work. In this type of procurement, a complete set of technical requirements and purchasing terms and conditions are gen- erated and published by the airport, with responses solicited from interested system suppliers. In order to allow a fair eval- uation of the APM suppliers’ bids, there is usually little or no pre-bid negotiation of the contract requirements. For most APM overhauls, the airport typically would choose either competitive or sole-source for the entire system as compared to selecting competitive for PDS and sole-source for ATC. Also, even with a competitive procurement based on the overlay approach, there are some aspects of the instal- lation, such as the platform door control, that would need to be phased in (possibly with some support of the original sup- plier under a smaller sole-source contract). The overhaul approach decision should be based more on the total scope of the proprietary systems overhaul than it is on which sub- systems are to be overhauled. 12.2.3 Overhaul Technical and Schedule Considerations Planning for an APM overhaul differs significantly from that of a new APM system. The following are some special- ized areas that should be specifically addressed as part of the overhaul planning activity. Back-up transportation plan—While most operational APMs have back-up transportation plans in the event of rare and unexpected outages, it is more likely that such an outage will occur during an APM overhaul. This is primarily due to the fact that the APM system operation is likely already degraded in order to support the instal- lation activity. Also, many APMs include special opera- tional modes for failure recovery. However, during the project some of these failure-recovery modes of opera- tion may not be available as a consequence of construc- tion activities. For these reasons, the airport must have a contingency plan to notify and guide passengers to the alternate mode(s) of transportation. This back-up trans- portation scheme should be carefully planned, staffed, and supplied with equipment so that it is capable of operating for an extended period of time. Safety certification of interim configurations—The cer- tification of system safety is typically addressed toward the end of a new APM installation project. However, during an APM overhaul, it is likely that there will be several interim configurations of the system. Therefore, it is important to plan for these interim system safety certifications. Configuration control—During an APM overhaul, it is likely that the APM system will go through several con- figurations as old equipment is removed and new equip- ment installed and commissioned for passenger service. Since the maintenance of the APM must be ongoing throughout the project, it is essential that up-to-date documentation of the configuration at each interim phase is provided to the operations/maintenance staff. Briefings should be conducted for all O&M staff prior to any change in the system configuration to minimize the possibility of system down-time resulting from a failure. O&M staff training—As mentioned with respect to the system configuration control, it is important that all O&M staff be trained in the various overhaul project phases. This training must be supported by interim maintenance manuals, which should be provided to the staff several months in advance of the training and equipment commissioning. Due to the additional time required to support both the ongoing maintenance and the training, additional O&M manpower (or overtime) should be scheduled during the project. Space constraints—During an APM overhaul project there are basically two systems in operation: the existing system and the system as modified with new compo- nents. This creates a requirement to provide space for both old and new equipment. Frequently the new equip- ment is temporarily co-located with existing equipment. In such cases it is important to consider power and cool- ing capacity for the equipment rooms and spaces. The overlapping of system activities may also require that adequate spare vehicles be maintained for both existing operations and for new system testing. System availability—System availability requirements for an APM are typically specified in the contract, with financial penalties if the target availability is not achieved. Since an APM overhaul introduces new components into passenger service well in advance of final work com- pletion, an availability impact study should be under- taken in order to establish appropriate system availability levels for each phase or configuration for the project. Warranty of overhauled components—In a system over- haul, various components and equipment will be placed into service at different times during the several phases or configurations of the project. For this reason, it is nec- essary to clearly establish when the warranty period for each component/equipment begins. While some air- ports accept the beginning of the warranty period as the date of passenger service for the component, other air- ports require that the warranty period commence only when the complete overhaul work achieves substantial completion. While this approach simplifies record keep- ing, it comes with additional costs because the APM 115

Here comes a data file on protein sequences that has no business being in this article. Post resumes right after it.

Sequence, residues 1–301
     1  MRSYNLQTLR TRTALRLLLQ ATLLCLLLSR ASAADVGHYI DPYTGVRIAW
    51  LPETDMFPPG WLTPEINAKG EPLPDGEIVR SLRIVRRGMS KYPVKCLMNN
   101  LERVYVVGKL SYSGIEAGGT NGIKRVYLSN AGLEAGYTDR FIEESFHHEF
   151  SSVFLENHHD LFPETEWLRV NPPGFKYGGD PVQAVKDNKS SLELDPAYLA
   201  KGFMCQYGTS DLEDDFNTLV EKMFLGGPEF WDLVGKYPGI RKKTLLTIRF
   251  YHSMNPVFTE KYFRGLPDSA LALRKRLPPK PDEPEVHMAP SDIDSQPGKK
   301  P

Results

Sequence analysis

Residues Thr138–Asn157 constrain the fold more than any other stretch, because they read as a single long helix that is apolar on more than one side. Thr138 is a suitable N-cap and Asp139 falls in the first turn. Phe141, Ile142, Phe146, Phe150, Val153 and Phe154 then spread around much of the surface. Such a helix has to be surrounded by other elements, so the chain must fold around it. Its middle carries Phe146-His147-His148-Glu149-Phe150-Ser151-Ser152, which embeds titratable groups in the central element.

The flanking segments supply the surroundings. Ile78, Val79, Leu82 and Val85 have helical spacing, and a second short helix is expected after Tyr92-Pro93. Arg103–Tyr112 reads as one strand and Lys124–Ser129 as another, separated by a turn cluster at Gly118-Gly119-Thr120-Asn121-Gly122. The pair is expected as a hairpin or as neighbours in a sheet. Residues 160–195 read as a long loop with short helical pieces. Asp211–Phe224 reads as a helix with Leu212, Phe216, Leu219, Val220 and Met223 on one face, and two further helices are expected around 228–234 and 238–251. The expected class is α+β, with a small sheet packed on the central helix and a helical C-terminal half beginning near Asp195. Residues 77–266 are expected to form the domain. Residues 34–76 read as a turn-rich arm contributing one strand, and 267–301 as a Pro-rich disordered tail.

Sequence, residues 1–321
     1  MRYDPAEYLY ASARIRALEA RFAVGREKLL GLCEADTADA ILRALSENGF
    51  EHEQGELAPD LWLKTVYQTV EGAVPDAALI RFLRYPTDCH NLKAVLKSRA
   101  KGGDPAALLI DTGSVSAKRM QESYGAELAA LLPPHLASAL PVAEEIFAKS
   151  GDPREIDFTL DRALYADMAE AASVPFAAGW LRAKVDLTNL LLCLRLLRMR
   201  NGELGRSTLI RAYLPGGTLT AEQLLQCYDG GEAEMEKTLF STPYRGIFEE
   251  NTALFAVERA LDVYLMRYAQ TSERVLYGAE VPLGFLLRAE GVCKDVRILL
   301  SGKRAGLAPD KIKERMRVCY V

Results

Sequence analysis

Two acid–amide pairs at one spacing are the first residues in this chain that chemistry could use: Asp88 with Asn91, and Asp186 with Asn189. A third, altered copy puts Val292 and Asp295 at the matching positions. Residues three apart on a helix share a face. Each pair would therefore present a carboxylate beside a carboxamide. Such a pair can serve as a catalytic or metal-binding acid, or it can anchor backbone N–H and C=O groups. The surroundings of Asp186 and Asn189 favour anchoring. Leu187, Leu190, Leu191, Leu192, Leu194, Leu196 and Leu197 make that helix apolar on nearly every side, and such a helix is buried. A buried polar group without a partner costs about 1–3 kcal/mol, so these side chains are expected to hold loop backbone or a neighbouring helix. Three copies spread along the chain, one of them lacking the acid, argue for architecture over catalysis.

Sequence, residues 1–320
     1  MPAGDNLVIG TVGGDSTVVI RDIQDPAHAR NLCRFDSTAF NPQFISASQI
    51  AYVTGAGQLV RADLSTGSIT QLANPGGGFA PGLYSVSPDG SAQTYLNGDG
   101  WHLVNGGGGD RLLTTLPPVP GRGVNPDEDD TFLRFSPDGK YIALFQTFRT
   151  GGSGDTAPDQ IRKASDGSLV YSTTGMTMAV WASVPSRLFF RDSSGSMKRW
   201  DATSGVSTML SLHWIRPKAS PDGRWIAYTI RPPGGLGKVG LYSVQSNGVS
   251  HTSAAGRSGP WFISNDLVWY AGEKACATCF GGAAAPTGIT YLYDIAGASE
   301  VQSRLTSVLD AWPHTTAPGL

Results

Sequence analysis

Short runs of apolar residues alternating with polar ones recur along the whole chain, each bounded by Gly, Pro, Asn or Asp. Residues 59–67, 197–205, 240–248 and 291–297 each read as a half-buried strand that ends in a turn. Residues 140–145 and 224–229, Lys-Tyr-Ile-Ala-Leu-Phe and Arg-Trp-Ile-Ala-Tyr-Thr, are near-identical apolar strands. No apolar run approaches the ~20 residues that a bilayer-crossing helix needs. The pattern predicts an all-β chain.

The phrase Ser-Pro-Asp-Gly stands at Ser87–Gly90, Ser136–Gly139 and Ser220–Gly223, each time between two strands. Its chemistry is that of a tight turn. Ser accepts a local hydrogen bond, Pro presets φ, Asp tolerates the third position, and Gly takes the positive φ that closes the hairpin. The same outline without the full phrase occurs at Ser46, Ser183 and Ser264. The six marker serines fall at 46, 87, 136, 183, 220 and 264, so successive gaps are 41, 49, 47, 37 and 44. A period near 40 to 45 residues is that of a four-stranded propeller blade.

supplier will need to extend the equipment manufactur- ers’ initial warranty periods at its own expense. Although detailed planning of an APM overhaul project may be complex and involves numerous iterations of alterna- tive considerations, use of the guidelines and recommenda- tions described above should assist in identifying potential project risks and help ensure the success of the project while maintaining an acceptable level of ongoing passenger service. As the APM industry approaches its 40th year of successful operations at airports, there is now a track record of APM sys- tems that have operated beyond their original useful life and have been successfully overhauled. Knowledge of these over- haul projects and the lessons learned will be invaluable to any airport that is planning for the overhaul of its APM system or components. 116

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TRB’s Airport Cooperative Research Program (ACRP) Report 37: Guidebook for Planning and Implementing Automated People Mover Systems at Airports includes guidance for planning and developing automated people mover (APM) systems at airports. The guidance in the report encompasses the planning and decision-making process, alternative system infrastructure and technologies, evaluation techniques and strategies, operation and maintenance requirements, coordination and procurement requirements, and other planning and development issues.

The guidebook includes an interactive CD that contains a database of detailed characteristics of the 44 existing APM systems. The CD is also available for download from TRB’s website as an ISO image. Links to the ISO image and instructions for burning a CD-ROM from an ISO image are provided below.

Help on Burning an .ISO CD-ROM Image

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In March 2012, TRB released ACRP Report 37A: Guidebook for Measuring Performance of Automated People Mover Systems at Airports as a companion to ACRP Report 37. ACRP Report 37A is designed to help measure the performance of automated people mover (APM) systems at airports.

In June 2012, TRB released ACRP Report 67: Airport Passenger Conveyance Systems Planning Guidebook that offers guidance on the planning and implementation of passenger conveyance systems at airports.

(Warning: This is a large file that may take some time to download using a high-speed connection.)

Disclaimer: The CD-ROM is offered as is, without warranty or promise of support of any kind either expressed or implied. Under no circumstance will the National Academy of Sciences or the Transportation Research Board (collectively “TRB’) be liable for any loss or damage caused by the installation or operation of this product. TRB makes no representation or warranty of any kind, expressed or implied, in fact or in law, including without limitation, the warranty of merchantability or the warranty of fitness for a particular purpose, and shall not in any case be liable for any consequential or special damages.